Recently the music industry was shaken by some pretty sad news: Gibson, the iconic guitar manufacturer has filed for bankruptcy.

The news came as an immense surprise for multiple reasons, but the main one was: Gibson has been a global guitar  manufacturer for over 100 years. It has gone through generations, became iconic due to its presence in important moments in history and was held by incredibly talented musicians.

Throughout the years, Gibson guitars became symbols of attitude, charisma, creativity and many other important adjectives. It was held by extremely talented musicians such as Slash (Guns n’ Roses), which became a brand ambassador, Chuck Berry, Eric Clapton, Bob Dylan, The Edge and many more.

There were strong criticisms to the company’s global strategy and management as causes for its difficult situation. However, despite the criticism to the company’s management, I would like to focus on another aspect which may have contributed to the situation:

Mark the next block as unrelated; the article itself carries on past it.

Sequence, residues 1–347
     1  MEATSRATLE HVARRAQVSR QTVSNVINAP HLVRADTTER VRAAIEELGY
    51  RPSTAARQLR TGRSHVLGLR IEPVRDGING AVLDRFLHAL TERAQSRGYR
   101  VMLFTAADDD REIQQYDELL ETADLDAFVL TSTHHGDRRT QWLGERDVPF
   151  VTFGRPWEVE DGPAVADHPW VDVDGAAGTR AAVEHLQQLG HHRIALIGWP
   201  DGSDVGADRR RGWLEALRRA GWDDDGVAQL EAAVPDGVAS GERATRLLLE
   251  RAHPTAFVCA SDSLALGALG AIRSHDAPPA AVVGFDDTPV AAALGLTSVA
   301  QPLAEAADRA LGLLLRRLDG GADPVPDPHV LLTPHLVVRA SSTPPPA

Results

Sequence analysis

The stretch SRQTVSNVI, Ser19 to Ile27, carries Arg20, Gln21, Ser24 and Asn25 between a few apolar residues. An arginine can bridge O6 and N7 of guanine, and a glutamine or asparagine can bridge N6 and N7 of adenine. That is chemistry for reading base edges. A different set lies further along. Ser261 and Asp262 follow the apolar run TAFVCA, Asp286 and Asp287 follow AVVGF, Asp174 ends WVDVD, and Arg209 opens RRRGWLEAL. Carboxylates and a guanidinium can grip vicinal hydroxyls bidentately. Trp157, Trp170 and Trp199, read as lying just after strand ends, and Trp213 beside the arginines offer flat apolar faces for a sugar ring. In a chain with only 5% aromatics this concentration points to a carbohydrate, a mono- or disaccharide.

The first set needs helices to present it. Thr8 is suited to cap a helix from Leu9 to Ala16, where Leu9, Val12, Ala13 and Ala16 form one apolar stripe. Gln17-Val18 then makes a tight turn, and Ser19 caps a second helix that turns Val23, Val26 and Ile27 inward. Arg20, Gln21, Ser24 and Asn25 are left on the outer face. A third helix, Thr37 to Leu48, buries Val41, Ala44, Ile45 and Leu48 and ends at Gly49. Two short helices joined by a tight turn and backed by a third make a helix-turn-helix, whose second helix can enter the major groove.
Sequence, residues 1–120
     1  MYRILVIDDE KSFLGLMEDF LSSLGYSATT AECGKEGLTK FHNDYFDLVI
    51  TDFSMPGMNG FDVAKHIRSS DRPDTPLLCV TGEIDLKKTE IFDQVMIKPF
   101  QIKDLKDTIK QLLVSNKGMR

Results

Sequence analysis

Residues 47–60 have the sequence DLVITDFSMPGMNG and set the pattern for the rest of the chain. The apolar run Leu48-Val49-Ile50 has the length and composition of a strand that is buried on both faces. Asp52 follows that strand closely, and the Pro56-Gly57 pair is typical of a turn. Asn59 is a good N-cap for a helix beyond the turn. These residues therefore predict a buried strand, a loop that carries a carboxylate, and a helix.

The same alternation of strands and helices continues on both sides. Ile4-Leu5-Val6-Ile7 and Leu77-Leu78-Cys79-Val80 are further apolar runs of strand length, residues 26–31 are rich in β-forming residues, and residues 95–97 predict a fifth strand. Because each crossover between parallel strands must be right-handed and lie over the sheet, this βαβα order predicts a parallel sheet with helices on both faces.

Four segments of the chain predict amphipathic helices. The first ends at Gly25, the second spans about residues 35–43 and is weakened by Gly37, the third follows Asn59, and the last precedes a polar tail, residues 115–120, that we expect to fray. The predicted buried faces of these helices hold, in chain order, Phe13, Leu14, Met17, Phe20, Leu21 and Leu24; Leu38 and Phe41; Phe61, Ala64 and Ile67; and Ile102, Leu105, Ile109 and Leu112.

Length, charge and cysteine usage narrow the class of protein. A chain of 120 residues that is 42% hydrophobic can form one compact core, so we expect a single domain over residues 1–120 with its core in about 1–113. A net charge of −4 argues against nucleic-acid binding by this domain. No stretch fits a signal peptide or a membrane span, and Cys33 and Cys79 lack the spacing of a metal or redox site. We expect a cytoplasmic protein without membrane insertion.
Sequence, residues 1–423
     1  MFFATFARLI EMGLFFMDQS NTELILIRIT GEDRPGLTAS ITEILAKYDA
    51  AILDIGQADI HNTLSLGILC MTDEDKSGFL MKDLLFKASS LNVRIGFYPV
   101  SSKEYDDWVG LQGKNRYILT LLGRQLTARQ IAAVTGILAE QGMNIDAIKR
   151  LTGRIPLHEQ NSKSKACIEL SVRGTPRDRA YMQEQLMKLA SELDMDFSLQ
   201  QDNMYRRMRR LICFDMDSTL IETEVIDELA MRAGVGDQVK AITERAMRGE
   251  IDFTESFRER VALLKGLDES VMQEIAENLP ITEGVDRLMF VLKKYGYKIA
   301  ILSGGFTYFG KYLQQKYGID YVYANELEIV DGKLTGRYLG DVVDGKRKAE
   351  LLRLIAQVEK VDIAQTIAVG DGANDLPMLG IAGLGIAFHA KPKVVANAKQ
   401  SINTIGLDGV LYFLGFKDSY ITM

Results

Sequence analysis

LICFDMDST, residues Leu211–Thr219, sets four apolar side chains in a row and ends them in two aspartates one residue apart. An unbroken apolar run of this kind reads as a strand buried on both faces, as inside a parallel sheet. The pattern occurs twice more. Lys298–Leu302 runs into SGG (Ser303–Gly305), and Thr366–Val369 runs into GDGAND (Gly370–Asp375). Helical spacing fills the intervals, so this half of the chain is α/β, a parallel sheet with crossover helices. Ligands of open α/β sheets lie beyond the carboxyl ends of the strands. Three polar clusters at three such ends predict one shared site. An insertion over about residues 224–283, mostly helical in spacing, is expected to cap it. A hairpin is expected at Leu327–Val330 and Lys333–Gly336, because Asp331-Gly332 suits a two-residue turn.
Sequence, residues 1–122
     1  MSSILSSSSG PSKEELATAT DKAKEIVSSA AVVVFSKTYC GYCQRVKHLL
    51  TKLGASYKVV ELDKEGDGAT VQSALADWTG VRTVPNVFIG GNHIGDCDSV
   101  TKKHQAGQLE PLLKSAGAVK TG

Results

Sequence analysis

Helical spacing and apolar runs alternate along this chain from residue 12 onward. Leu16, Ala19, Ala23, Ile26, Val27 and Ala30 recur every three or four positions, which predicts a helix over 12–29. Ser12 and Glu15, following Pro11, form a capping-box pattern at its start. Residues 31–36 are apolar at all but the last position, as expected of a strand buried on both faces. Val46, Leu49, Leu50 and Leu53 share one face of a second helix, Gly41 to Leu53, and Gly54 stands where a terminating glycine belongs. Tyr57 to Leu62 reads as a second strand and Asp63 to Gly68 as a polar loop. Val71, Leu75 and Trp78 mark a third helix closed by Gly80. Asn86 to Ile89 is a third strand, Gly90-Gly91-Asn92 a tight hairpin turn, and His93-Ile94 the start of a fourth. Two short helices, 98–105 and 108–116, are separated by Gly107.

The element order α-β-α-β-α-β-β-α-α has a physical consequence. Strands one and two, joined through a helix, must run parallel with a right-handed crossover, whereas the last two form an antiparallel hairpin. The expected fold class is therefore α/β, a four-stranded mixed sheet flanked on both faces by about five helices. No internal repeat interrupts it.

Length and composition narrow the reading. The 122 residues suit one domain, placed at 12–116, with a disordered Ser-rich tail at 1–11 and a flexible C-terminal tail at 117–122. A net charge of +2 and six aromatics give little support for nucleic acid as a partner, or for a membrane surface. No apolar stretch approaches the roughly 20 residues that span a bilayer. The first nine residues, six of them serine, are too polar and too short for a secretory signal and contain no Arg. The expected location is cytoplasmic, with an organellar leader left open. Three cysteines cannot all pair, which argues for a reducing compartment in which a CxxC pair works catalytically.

The generational change in consumer interest.

What’s The problem With Guitars?

Guitars have been for over 100 years a product that allows self-expression, creativity outputs and composition. It contributed to as a status symbol and self-image expression.

But for the average consumer or player, guitars were and still are simply a way to have fun.

Gibson Les Paul
The iconic Gibson Les Paul. One of the most beautiful guitars in history.

So what is the problem with that?

  1. Number of Entertainment Options Available